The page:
049_Global13_Arena_V5

Global 13

Arena Review Interventions: A Life in War and Peace Kofi Annan with Nader Mousavizadeh, Allen Lane, London, 2012, 400pp, ISBN: 9781846142970 K he was the first to be appointed from within the ranks ofofi Annan was not only the first African from south of theSahara to become secretary-general of the United Nations, the UN itself. By the time he took office on 1 January 1997, he had been an international civil servant for nearly 35 years, but if the Se- curity Council powers thought that they were getting a passive bu- reaucrat who would simply follow their wishes, they were wrong. In this book, more a series of essays on the challenges he faced as secretary-general than a straightforward memoir, Annan empha- sises that he wanted a UN that would “step up rather than stand by... and be guided by a purpose greater than protecting the inter- Annan: a philosophy shaped by bitter experience ests of states”. Pointing out that the UN Charter begins with the words “We the Peoples” and not “We the States”, he argues that And that is the lesson of this book: ultimately, the UN, and its the organisation has a duty to intervene when fundamental human secretary-general, rests on moral authority. Despite being in con- rights are threatened, a “responsibility to protect” that overrides trol of 44,000 staff and a budget of $10 billion, Annan could only national sovereignty. How this applies in practice is an issue that offer himself as an enabler, an impartial mediator with endless re- dominated his ten years at the top of the UN hierarchy. serves of patience, willing to listen to international pariahs such as Though Annan’s two terms were bisected almost exactly by the Saddam Hussein while being attacked for even meeting them. In 9/11 attacks and their immediate aftermath, it is clear that his gov- his final paragraphs he alludes to his attempt this year to mediate in erning philosophy was shaped by bitter experience in his last post Syria, which failed for the same reason as many others during his before becoming secretary-general: that of UN director of peace- time in office: the lack of good faith among the parties, and in the keeping. He took on the role in March 1993, just as the UN peace- Security Council (no humanitarian intervention here). What mat- keeping mission in Somalia was heading for collapse. The follow- ters is that he tried. ing year, blue-helmeted soldiers watched helplessly as Rwanda Much of Annan’s account deals not with war or peacekeeping, descended into genocide, and the year after that but with the many other ways he sought to make it happened again, this time in Srebrenica, where the UN speak for people rather than states. He Serb forces slaughtered 8,000 Bosnian Muslim is proud of his part in drawing up the Millenni- men and boys in a UN-declared “safe area”. In um Development Goals, his success in bringing each case, the UN forces had gone in without a NGOs into the work of the UN, and the creation clear mandate to shield civilians from violence. of the International Criminal Court and the UN- They did not even have the means to defend AIDS agency. It is through such persistent, un- themselves adequately, and ended up as hostag- sung efforts that the organisation gained prestige, es, causing worse damage to the UN’s reputation but it has just had a sharp reminder of how easily than almost any episode in its history. it can be squandered. Few are better qualified than Annan, whose Though the UN did not have peacekeepers in first peacekeeping mission was in the aftermath Sri Lanka, humanitarian workers were pulled out of the Arab-Israel War in 1973, to analyse what of the war zone five months before the conflict led to these disasters. The model of peacekeep- between the Colombo government and the Tamil ing, he points out, derived from an era when a Tigers came to a bloody end in mid-2009, leav- ceasefire had already been declared between ing thousands of civilians to their fate. Some warring states, and the blue helmets were polic- 40,000 died in that period, but a UN report is- ing an agreed demarcation line with the consent sued in November 2012 says many senior UN of all parties. Now the UN was being asked to staff “did not perceive the prevention of killing enter mainly domestic conflicts, with a shifting array of bellig- of civilians as their responsibility”, amid “an institutional culture erents, not all of whom had agreed to its participation. And the of trade-offs”. number of missions was proliferating: before 1988, the UN had This lends all the more force to Annan’s comment that “of all the launched only a dozen peacekeeping operations in its history, but difficulties we confronted during my tenure as secretary-general, in the next four years there were another ten. As Annan drily notes, perhaps the most sustained problem was the management of expec- “The gulf between ends and means began to widen fatefully.” tations”. Possibly, he adds, that is the fate of the UN: “to disappoint Despite these failures, the principle of humanitarian intervention the expectations of those who see it as the panacea to the world’s had been established. Nato invoked it in Kosovo in 1999, with An- problems, but to succeed, however incompletely, in giving voice to nan’s support. But he makes it clear that the American and British in- aspirations of individual men and women…” For all the upheavals vasion of Iraq in 2003, in defiance of the UN, was a perversion of the on his watch, he makes a well-argued case for having done all he principle. The following year he described the war as illegal, probably could to leave the world a better place than he found it. ending any likelihood of a third term as secretary-general, had he de- sired one. But in the long run it was the moral authority of Britain and Raymond Whitaker is a writer and editor the USA that suffered, rather than that of the UN or its head. globalfirst quarter 2013 www.global-briefing.org l49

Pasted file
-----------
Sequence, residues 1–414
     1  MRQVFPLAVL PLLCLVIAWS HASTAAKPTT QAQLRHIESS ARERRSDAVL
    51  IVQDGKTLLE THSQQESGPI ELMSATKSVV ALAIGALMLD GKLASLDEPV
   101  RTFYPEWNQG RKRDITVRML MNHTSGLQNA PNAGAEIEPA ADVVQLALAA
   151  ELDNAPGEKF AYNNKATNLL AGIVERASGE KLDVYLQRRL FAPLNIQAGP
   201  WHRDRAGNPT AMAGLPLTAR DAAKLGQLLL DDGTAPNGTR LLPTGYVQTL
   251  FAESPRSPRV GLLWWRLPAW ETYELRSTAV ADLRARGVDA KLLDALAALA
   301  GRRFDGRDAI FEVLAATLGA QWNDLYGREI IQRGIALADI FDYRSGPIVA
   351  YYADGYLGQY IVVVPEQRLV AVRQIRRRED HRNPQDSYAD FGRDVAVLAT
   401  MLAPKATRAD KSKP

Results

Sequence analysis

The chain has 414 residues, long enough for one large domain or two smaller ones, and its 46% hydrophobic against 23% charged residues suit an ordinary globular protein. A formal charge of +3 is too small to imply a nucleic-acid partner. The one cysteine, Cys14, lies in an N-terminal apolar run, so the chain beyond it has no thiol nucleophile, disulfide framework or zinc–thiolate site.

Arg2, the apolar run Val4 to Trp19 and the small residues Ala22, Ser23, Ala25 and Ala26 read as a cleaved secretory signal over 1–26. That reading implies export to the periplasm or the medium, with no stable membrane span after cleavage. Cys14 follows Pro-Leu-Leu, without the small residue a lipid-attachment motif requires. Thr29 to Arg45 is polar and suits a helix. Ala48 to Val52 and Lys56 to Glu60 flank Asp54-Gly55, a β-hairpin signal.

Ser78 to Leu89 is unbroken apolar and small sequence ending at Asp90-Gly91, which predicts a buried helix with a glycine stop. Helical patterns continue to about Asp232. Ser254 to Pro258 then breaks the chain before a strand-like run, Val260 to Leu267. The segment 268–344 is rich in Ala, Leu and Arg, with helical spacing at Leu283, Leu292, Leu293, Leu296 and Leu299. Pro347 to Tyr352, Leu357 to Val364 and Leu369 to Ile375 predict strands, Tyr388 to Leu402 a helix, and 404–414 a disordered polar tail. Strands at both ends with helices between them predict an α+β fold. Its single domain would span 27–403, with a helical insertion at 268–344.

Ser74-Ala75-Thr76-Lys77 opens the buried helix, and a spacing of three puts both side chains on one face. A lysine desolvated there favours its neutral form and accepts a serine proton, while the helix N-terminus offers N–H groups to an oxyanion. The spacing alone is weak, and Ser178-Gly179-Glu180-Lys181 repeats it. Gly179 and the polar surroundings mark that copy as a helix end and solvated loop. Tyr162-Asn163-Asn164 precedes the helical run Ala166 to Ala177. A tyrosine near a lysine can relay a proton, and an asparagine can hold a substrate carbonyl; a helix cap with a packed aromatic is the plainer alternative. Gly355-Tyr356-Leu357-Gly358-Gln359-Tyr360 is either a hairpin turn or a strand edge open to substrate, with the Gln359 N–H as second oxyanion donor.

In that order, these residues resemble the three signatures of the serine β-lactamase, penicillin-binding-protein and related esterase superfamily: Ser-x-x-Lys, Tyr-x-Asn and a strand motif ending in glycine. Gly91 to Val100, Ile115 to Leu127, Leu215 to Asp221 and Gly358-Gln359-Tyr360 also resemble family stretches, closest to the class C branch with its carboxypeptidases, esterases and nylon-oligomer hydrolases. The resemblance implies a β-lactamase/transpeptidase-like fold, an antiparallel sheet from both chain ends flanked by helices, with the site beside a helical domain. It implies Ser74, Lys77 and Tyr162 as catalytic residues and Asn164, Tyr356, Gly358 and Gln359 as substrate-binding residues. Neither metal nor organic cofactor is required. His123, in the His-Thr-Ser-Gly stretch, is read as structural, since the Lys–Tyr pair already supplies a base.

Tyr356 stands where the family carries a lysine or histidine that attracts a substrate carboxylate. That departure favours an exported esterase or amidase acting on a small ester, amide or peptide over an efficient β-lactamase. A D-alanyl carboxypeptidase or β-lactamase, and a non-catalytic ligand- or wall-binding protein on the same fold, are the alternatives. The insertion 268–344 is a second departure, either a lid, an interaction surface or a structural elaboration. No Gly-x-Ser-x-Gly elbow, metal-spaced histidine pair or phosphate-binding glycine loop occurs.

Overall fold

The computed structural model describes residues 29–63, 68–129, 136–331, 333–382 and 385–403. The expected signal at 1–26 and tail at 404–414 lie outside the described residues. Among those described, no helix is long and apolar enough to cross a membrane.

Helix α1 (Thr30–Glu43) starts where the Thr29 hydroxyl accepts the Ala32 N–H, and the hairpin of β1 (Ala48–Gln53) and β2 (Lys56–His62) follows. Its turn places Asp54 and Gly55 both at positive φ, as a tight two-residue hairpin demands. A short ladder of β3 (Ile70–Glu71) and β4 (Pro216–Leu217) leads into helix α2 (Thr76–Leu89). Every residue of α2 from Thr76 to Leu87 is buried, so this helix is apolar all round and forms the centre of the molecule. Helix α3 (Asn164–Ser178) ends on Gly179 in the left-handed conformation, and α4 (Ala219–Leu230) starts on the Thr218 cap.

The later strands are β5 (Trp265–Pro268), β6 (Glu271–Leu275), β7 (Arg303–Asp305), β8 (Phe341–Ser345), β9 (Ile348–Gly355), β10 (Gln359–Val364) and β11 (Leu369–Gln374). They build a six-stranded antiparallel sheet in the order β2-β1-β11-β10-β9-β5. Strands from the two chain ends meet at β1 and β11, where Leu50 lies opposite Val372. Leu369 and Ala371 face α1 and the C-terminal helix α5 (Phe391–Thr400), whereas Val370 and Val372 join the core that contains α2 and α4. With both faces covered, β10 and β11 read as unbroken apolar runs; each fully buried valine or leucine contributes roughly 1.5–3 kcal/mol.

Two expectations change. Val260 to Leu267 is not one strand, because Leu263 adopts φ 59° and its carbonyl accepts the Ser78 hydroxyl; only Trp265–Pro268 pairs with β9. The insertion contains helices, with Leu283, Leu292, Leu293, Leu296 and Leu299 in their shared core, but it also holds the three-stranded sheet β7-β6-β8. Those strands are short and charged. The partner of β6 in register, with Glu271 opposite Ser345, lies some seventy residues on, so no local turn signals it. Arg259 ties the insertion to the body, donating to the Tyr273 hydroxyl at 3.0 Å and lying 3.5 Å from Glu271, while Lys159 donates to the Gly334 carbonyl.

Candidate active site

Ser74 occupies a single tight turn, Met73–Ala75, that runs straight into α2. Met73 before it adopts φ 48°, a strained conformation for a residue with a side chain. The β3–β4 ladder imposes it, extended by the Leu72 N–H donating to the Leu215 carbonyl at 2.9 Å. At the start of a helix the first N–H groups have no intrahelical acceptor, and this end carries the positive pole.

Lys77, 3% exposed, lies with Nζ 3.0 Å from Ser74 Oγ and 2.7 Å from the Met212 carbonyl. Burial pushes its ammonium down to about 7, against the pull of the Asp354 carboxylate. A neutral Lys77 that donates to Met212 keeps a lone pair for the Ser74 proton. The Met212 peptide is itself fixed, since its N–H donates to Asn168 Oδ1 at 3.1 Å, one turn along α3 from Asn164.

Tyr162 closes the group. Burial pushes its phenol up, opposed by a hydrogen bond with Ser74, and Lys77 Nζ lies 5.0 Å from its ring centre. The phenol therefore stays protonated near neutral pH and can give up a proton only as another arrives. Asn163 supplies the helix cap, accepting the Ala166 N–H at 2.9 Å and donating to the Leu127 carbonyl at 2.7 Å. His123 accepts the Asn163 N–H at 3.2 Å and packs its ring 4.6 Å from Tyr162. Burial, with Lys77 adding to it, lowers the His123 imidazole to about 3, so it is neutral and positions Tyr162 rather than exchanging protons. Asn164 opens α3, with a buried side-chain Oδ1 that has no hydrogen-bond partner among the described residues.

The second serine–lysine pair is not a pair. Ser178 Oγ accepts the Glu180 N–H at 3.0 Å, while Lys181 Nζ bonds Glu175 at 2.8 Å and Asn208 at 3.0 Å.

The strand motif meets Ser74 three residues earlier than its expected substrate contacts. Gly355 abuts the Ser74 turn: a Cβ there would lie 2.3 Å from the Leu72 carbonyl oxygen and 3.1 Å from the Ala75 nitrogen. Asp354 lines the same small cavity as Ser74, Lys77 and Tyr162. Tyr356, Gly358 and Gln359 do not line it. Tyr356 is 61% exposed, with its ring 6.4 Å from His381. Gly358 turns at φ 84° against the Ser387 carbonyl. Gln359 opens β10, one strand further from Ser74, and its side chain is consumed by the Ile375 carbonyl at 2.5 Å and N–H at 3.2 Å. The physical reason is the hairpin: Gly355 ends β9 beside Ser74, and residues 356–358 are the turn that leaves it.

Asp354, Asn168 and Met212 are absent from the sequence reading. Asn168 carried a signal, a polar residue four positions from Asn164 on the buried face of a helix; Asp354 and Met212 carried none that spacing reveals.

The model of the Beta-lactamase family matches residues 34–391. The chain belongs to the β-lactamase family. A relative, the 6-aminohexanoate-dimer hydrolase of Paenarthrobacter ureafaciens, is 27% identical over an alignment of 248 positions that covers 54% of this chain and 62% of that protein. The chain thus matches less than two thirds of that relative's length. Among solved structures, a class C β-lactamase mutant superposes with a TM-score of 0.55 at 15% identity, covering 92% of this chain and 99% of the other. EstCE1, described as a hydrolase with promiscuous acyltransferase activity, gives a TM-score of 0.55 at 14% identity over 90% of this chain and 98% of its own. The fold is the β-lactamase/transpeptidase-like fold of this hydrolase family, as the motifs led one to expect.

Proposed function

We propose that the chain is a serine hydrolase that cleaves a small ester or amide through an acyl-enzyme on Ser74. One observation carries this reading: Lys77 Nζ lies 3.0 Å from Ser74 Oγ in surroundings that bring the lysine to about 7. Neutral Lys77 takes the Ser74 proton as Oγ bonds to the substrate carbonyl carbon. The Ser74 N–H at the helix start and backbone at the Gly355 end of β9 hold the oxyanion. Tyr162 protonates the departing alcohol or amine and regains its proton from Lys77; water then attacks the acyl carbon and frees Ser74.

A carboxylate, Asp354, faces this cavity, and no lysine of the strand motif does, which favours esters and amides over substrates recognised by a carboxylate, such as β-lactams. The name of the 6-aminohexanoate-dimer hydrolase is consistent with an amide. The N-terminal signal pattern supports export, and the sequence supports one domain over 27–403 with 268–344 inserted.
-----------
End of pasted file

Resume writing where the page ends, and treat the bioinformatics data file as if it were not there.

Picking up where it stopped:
Global 13